There are many good reasons for the DIY’er to use active speakers, and we will look at some of those reasons in this article. But along with good reasons for designing active speakers, there have been recent advancements in technology that make it more and more reasonable to ask “why not”. The entry costs have dropped dramatically in the past few years, with amplifier modules, DSP hardware and control processors available at low prices from many sources. And there are some powerful, easy-to-use development tools available to simplify the design process. As a result, active speakers are much more affordable than ever before, and for some designs you don’t have to have an EE or math degree to build them.
This is not intended to be a comprehensive argument for using active speakers, as there are many good resources with very detailed investigations that we can refer to for more details. Also, if you are reading this article you are probably already convinced of some of the benefits, and there is no reason to “preach to the choir”. But a high-level review of the benefits will help us identify the types of DIY designs where an active solution would be preferable, and it may help remove some of the hesitation people might have in jumping into active speaker design.
Active Speakers—our working definition
For the sake of this article, we are going to entertain a very broad definition of active speakers that includes the use of a separate amplifier/DSP enclosure. Sometimes “active speakers” refers to loudspeakers with built-in power amplifiers. But we are going to expand the definition to include speakers for which the electronics are in a separate box or just one speaker of a set. So we aren’t concerned with how the electronics are packaged—just whether the drivers are directly connected to an amplifier and whether the crossover and equalization networks use active circuitry.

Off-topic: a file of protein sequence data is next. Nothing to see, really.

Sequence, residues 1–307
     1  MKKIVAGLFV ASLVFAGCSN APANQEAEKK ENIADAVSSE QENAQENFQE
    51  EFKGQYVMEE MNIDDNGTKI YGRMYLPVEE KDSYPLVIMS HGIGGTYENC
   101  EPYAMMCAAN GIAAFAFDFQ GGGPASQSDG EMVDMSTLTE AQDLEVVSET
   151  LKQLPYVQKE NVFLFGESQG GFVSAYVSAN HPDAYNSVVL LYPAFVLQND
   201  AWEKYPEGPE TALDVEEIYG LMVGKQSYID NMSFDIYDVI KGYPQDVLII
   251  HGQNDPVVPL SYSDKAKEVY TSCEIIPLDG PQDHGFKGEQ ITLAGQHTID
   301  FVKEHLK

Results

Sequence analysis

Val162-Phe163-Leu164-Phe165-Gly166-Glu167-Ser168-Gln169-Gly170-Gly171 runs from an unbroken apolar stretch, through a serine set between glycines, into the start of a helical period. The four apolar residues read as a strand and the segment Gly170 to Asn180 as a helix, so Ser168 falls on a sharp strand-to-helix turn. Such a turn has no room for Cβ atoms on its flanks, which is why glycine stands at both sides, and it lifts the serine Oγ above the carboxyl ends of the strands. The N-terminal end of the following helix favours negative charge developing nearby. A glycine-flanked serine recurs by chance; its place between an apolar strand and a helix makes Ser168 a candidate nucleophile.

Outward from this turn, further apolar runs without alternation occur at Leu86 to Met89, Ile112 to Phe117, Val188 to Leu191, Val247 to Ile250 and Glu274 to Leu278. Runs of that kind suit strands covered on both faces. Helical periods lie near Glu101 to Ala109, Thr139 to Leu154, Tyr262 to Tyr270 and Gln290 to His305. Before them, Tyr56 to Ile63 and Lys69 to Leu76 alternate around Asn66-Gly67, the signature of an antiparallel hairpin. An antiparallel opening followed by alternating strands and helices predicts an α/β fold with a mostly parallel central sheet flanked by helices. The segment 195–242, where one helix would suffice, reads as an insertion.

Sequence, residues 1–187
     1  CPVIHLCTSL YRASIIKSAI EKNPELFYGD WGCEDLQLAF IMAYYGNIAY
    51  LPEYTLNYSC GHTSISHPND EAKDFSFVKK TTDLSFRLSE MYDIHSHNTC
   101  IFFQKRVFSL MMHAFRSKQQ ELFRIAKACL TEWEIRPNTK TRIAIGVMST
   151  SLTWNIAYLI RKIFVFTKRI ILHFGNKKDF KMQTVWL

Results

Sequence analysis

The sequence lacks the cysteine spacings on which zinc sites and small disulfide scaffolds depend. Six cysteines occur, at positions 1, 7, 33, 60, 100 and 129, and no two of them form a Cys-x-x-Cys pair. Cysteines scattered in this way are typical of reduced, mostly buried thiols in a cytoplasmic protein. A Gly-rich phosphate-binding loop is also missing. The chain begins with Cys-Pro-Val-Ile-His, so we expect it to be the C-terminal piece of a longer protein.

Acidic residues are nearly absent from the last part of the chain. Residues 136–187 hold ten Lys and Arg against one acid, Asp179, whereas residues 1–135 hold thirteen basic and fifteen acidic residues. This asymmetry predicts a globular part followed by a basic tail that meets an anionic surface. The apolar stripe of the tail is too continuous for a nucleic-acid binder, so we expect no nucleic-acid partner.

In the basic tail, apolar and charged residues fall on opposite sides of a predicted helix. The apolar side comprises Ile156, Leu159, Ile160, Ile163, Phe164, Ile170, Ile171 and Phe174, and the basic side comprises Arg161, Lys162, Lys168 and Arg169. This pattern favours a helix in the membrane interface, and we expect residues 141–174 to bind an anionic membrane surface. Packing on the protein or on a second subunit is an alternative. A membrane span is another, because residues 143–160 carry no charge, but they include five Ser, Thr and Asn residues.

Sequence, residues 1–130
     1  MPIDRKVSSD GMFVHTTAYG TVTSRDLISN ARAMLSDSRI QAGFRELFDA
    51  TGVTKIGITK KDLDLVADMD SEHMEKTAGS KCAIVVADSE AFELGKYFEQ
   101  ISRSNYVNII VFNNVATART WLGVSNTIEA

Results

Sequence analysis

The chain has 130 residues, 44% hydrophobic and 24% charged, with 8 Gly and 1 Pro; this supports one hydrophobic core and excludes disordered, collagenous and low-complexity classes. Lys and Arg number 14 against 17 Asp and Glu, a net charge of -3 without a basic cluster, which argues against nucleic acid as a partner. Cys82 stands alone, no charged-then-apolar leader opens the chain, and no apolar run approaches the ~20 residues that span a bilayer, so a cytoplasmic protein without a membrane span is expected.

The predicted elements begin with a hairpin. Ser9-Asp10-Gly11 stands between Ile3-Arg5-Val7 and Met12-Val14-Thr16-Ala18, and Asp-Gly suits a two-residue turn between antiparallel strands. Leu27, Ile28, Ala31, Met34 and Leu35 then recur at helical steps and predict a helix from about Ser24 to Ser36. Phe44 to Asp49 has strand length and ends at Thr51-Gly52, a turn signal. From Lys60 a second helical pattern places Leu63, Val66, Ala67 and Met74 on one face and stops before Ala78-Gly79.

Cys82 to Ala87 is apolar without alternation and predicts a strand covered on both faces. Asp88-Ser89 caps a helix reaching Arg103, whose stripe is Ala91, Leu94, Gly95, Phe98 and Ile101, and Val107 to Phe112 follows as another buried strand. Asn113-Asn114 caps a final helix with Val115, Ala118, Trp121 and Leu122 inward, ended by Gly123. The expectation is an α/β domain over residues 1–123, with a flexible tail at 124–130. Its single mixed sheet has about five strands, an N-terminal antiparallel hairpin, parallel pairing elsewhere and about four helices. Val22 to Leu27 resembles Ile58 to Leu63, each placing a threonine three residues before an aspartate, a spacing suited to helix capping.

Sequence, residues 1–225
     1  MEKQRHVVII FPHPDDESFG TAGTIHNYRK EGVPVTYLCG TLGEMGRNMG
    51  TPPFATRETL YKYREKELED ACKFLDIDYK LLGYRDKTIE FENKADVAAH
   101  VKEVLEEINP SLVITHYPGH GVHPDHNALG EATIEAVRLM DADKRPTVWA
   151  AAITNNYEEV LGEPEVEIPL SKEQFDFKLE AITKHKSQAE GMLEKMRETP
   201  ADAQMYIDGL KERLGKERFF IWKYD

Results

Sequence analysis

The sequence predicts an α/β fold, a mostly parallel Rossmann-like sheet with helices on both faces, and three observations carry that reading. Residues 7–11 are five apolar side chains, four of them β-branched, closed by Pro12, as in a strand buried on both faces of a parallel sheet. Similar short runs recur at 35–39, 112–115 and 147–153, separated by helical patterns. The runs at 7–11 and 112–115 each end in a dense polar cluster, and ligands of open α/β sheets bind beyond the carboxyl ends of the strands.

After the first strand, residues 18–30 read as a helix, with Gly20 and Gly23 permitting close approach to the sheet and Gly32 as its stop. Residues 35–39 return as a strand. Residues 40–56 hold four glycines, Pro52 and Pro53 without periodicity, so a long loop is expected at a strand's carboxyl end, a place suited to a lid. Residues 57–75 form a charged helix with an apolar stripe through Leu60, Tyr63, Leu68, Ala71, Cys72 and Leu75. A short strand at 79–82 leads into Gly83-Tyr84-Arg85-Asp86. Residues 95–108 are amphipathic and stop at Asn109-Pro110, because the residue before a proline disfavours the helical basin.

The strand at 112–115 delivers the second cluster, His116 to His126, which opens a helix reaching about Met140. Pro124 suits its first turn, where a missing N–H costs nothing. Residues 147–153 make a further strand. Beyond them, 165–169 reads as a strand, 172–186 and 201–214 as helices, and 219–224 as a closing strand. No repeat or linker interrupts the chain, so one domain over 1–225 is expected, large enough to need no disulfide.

Some active speaker benefits
1. Direct connection to the speaker
Directly connecting the speaker to the amplifier, without a crossover network in between, has at least two nice benefits. First, the damping capability of the amplifier is not compromised by the rising impedance of the crossover network at the crossover frequency. Rod Elliot has what is almost a passionate rant about this issue on his website at http://sound.whsites.net/biamp-vs-passive.htm. He points out that directly connecting the speaker to the amplifier results in much better control of the back-EMF voltage from the driver, thereby reducing distortion. He doesn’t provide any measurements that quantify this reduced distortion, and he points out that some “high-end” drivers with good back EMF suppression (such as those with conductive rings in the magnet structure) won’t benefit as much from the direct connection. But even though there are no measurements to back up his claims, the overall argument makes sense, and is a compelling reason to consider active speakers.
The second benefit of direct connection to the driver is that you don’t need impedance measurements to design the crossover. The only driver measurement required is the frequency response, and for some types of crossovers, even that isn’t necessary (see next section).